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go-poodr

A Go translation of the example code from Practical Object-Oriented Design in Ruby by Sandi Metz.

Use the Go Playground or go run to try these examples, eg:

chapter2> go run gear1.go

1. Object-Oriented Design

(intro)

2. Designing Classes with a Single Responsibility

  • gear1.go defines a basic Gear with getters
  • gear2.go introduces a new feature (and responsibility)
  • gear3.go hide instance variables (behavior in one place)
  • obscure.go depending on complicated data structures is bad
  • revealing.go isolating the incoming array
  • gear4.go extracting wheel as an internal structure
  • gear5.go a real Wheel with dependency injection

3. Managing Dependencies

  • 1-dependencies.go Gear knows too much about Wheel (actually a step back from gear5.go)
  • 2-duck-type.go We don't need a Wheel specifically, just an object that responds to Diameter()
  • 3-isolate-new.go Isolate instance creation (if you can't inject the dependency for some reason)
  • 4-isolate-messages.go Isolate external messages that could be vulnerable to change
  • 5-map-init.go Remove argument order dependencies (probably not the best way to accomplish this)
  • Skipped a factory method to work with an unwieldy constructor (gear-wrapper).
  • 7-reverse-dependencies.go What if Wheel depends on Gear? (which is more stable?)

4. Creating Flexible Interfaces

(It's all UML! :-)

5. Reducing Costs With Duck Typing

(structural typing in Go)

  • trip1.go A Trip that knows it needs the bicycles prepared.
  • trip2.go Trip preparation becomes more complicated. It knows too much.
  • trip3.go A Preparer interface, more abstract but easier to extend.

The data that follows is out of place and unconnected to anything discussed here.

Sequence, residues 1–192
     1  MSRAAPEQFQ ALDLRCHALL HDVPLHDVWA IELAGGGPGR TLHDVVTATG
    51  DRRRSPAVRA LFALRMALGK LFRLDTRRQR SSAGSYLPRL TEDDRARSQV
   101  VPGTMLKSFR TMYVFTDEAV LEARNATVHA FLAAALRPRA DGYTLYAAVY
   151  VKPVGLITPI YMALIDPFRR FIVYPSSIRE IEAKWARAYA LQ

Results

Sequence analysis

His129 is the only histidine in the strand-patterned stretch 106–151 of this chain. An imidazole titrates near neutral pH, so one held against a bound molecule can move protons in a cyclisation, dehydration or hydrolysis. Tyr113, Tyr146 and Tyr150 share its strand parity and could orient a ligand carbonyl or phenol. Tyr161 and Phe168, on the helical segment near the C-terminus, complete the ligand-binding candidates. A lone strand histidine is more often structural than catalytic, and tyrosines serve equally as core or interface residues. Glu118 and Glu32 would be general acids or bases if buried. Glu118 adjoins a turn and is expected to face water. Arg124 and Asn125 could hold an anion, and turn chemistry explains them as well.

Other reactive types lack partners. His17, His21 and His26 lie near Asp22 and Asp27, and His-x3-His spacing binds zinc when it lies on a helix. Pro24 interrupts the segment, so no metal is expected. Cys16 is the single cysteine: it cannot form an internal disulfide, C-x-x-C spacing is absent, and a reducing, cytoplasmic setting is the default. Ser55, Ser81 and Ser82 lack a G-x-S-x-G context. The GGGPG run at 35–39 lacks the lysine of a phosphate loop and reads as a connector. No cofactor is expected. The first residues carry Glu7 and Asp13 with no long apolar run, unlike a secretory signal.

6. Acquiring Behavior Through Inheritance

(which Go doesn't have)

  • bikes1.go Starting with a road bike.
  • bikes2.go We need mountain bikes too. Switching on the type.
  • Skipped misapplying inheritance.
  • bikes4.go Implicit delegation and type embedding instead of subclasses.
  • bikes5.go Specializing the Spares method.
  • bikes6.go Use a hook to push responsibilities into the embedded type.

The template method pattern would require a reference to the embedded type, after it is created. Seems like a pattern that shouldn't be attempted in Go.

7. Sharing Role Behavior With Modules

  • schedule1.go Scheduling as part of Bicycle, for later extraction.
  • schedule2.go Extract and delegate to Schedulable.

8. Combining Objects With Composition

  • Skipping first transition, which still uses template methods and inheritance.
  • parts2.go Bicycle composed of Parts, which is a slice of Part.
  • parts3.go Rather than a PartsFactory, I use array-style composite literals.

9. Designing Cost-Effective Tests

Use go test to run these, eg:

chapter9> go test gear1/gear1_check_test.go

Your GOPATH matters for these, as we are importing a separate package for black box testing.

  • gear1/gear1_test.go A basic example using Go's built in testing facilities.
  • gear1/gear1_check_test.go The same code tested with gocheck and a custom matcher.

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A Go translation of the example code from Practical Object-Oriented Design in Ruby by Sandi Metz.

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